Hydrolysis of GTP bound to the Go. to GOP terminates the signal.
) GOI
I
(G1nhobowr,)-i.:ouplet.l rt'Ccptors (Fig. I- IC). Ligand binding (e.g., somat ostatin),
to Gu; (Ga,nIub,,,,,, )<Ol pl ed ft'(·eptors, simi larly €.\(hangt'!> G'I I' for li DI', but Go,
adenylyl ere asc, leading to reduced cAMl' prOOuftion.
{-l (and GIl)-coupletl ft'ceptors (Fig. 1-1.D). (and G,,) int eract with ligand
(e .g., serotonin )-,Kti " ated recept ors and increa se the 3cth ity of phospholi -
pa'ie C (PLC). PLe: cI 'aves the membrane phosphOlipid phosphatidylinmitol
(Pil l) to diacylglycerol (DAG) and inositoll,4,S-triphosphate
(II'; ). lJAG protein kinase C. which can subsequently phosphoryl ate
and acti\aie a n umb. 'f of cellula r prot eins; II'. cau'ies the release of Ca
2
• from
the endoplasmic ret iculum int o the cyt oplasm, where it can activat e many
cellular processes.
B
o
c
Figure 1-1 Four m,liar
A. Acetylcholine i
[l'Captors. B. Epinephrine
(G",h,b<,C<"·J-<..'oupil'd
ATP cAMP
ACh nicotinic receptor
-Ion channel
Na+ Acetylcholine
Epi lephrine
l5-adrenoreceptor coupled to Gas
Somatostatin
ATP
cAMP _ PKA
/\
Multiple cellular
effects
Somatostatin receptor
coupled to Gaj
Serotonin receptor
coupled to G
q
P1P2f'\
IP, +DAG
/ \
Ca
2
+ Activates
PKe
of drug-I('n:'ptor inter.Ktiam, with specific examples of l'mlog<.'num ligillids.
with a nilOtinic [('(cpIO! , I ligand-activated ion channel. IJ-O. (j·protdn ...... uupll'd
i Witll a GCI.,-coupled p-<1drenoceptur. C.   jTlIl'[J(liOrl with J G()'
Serotonin interaction wLh a G" (and Gil l-coupled receptor. (Colltinucd)
\
,liuta.
,
""
""
G
\
:tlVates
PKe
E
I utin receptor
00
y y
F
HSP90 !
o A
  I'RI",C!l' L1'5 OF DRU( , Acno:'\ 3
Ins Jlin receptor-activated tyrOSlr'le
kinase activity
Insulin
C>
po,
00 po,
y y
IRS f\
IRS - P0
4
\
PI3· K
\
AKT
I \
:Orlisol actIVatIOn of
9 ucocor1lcold receptor
0
Cortisol
:
\
"{
\
e
HSP90
Pol II
:

CoA
NA NA
Transcription
figure 1· 1 t(, "imlt'n) E. In\ulin inlf'ral"ti. )11 with a trn»iUl' l in,IS('. F. COIIJ'101 interact ion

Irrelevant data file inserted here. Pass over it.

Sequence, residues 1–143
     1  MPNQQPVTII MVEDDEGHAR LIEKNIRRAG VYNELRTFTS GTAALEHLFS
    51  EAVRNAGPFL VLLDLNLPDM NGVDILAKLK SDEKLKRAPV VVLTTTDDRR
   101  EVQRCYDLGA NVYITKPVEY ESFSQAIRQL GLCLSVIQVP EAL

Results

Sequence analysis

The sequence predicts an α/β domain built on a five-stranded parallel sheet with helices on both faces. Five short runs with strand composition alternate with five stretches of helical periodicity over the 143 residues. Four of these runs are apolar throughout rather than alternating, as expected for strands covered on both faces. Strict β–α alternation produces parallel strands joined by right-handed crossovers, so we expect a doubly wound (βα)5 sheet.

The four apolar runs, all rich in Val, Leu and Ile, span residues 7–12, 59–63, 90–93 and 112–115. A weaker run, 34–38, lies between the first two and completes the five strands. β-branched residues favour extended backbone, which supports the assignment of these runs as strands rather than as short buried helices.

"ith an In\ .3r.'1 lar nudear R'O"pLor_
(3) ccptor-acthated t yrm inc l;:inaSel> (Fig. I- I E). Many growth-rt'l ated si gnal s
.g .. are mediated via m<;, mbr;mi..' rCCCplor\ that int ri nsi c tyrosine
nasI" acthLty iIIusl ral('d f{) r the ren·ptor. Liga nd hi nding CillN'S confor-
t al ional changes in the n ccpt or; '>OfHe fl-'('eptor tyrosi m,' l,:inascs arc rnOllOmE'r:'> that
mcrilt> upon ligand hilK ing. The liga ndl-d recepto rs then aut ophosphorylatt> tyro-
4 URS
(4)
sine which recruits cytoplasmiC proteim to the plasma membrane where
aho tyrosine phosphor.dated and aClh'aled.
'n''''''t'",,, nudear receptor.; (Fig. l - lF). (e.g .. corliwl) for nuclear recep-
lipophilic and can diffuse rapidly IhrouRh the plasma membrane. In Ihe
of ligand. nuclear receptors are inaClh'e bccau\(' o f t heir inl eranion ,,-Uh
proteins such as heal -shock pro tei ns like IISP-90. Binding of ligand pro-
changes in the receptor t hai facili late of chaperones.
receptors in lo the nuclt-us, hetcfo- or homodilllt'li l Jtion of receptor" .• md

interaction with tl e lJ:'\IA of tarRet genes. I>NA-bound nuclear rt"(:ep-
la rs to recruit a d iverse numix' r of prOteins called coacti

Related Interests

alors. which suh-
act to increa'>C t ramcripUon of the target gene.
2. \lft'1<I1 i"" III <It I il'i/I "/ ! 1//1/1/," t y activation or inhibition of 111(' ell l-rllle's catalytic
activit y
3. III/illll'/.,/mii ! in which the dnlg. acting a nonfunctiona l analo),:ue of a naturally
interferes with m 'rmal metabolism
4. ###BOT_TEXT###quot;II'lh', iii" 'I
I or pIli ,;uil ;111,'. ,I< ti u/ /\ such those caused by antacids. osmotic
agents. and
II. II\(' ,l( r.Hkd rt"I)(1!l\e ,1111 " e,'press,·s al1 individual ' s response to increasing doses of a
given dHl,g, a pharmacologic response is proportlon"l to the number of lereptors
"'Ith which a d I interacts (Fig. 1. The graded curve Includes the fol-
lowing
1.   is graded; that is, it willl the dose lip to the
maximal of the system. ami it is often lIt'pirtt'd a func-l ion of Ihe logMithrn of
the dose (t o see the relat O \ ' {'T a " 'ide range of doses ).
2. II) is the that produces the half-lla.\;. imal response; the thrt'Shold doS<' is that which